Contrary to what I’d thought, the MAX4372 circuitry has a simple gain error: it’s about 10% low over the full-scale 300 mA current range.
A bench supply produces 5 V through an 8 Ω resistor, although the slope of the purple line is more like 7.3 Ω. Close enough.
The blue line is the current sense voltage, which is exactly the same as the setpoint voltage plus a little PWM noise contributing to the waviness. Unlike the previous solar-powered chart, the bench supply voltage doesn’t drop enough to saturate the current sink, so the result is a nice straight line.
The red line is the MAX4372 output, which is consistently 10% low right up to the end; I can fix that with simple software scaling. The curve doesn’t flatten out, either, because the common-mode voltage across the sense resistor stays well above the it-stops-working-well limit around 2 V.
Conspicuous by its absence is any sign of nonlinearity due to the Schottky protection diode across the sense terminal inputs. The full-scale sense voltage is 300 mA x 0.5 Ω = 150 mV, which is sufficiently below the 1N5819 threshold of about 300 mV.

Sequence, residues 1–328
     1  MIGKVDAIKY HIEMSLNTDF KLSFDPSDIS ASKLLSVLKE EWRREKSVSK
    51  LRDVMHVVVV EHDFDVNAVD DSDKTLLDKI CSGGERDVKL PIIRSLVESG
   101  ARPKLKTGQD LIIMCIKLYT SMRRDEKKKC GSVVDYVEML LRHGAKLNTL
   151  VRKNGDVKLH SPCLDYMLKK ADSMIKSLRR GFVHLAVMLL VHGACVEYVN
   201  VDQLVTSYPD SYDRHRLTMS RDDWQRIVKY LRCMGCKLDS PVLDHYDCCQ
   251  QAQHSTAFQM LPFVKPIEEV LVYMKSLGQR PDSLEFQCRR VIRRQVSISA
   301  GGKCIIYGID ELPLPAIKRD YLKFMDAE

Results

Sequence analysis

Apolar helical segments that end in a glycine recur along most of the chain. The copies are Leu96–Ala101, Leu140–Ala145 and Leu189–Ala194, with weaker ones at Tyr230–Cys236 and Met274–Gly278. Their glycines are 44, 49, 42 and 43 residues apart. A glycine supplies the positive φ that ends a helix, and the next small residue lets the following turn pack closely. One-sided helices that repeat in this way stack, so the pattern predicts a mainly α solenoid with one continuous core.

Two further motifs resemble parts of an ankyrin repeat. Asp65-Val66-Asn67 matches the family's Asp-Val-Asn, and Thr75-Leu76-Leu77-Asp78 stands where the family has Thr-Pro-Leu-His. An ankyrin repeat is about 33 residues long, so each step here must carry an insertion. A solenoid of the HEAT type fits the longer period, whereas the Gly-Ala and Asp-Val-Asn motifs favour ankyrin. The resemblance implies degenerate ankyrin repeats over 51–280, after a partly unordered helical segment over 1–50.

The picture shows the hack-job mod I applied to the circuit board; basically a cut-and-solder job with 10 Ω SMD resistors and a through-hole 1N5819. Yes, I stacked those two chips to get 5 Ω on the -Sense input; it’s a nice way to get good fixed ratios.
Despite what the stripes look like, both of those through-hole resistors are 1.0 Ω: brown-black-gold-gold.
The MAX4372T, the heart of this discussion, is the nearly invisible black rectangle just in front of the diode’s right-hand lead.
Although I should take a look at the high-value resistor / no diode protection circuitry, this one will suffice for now. It’s worth mentioning that I haven’t managed to burn this MAX4372 out, despite perpetrating much the same indignities on it as I did to the others, so the diode protection really is working.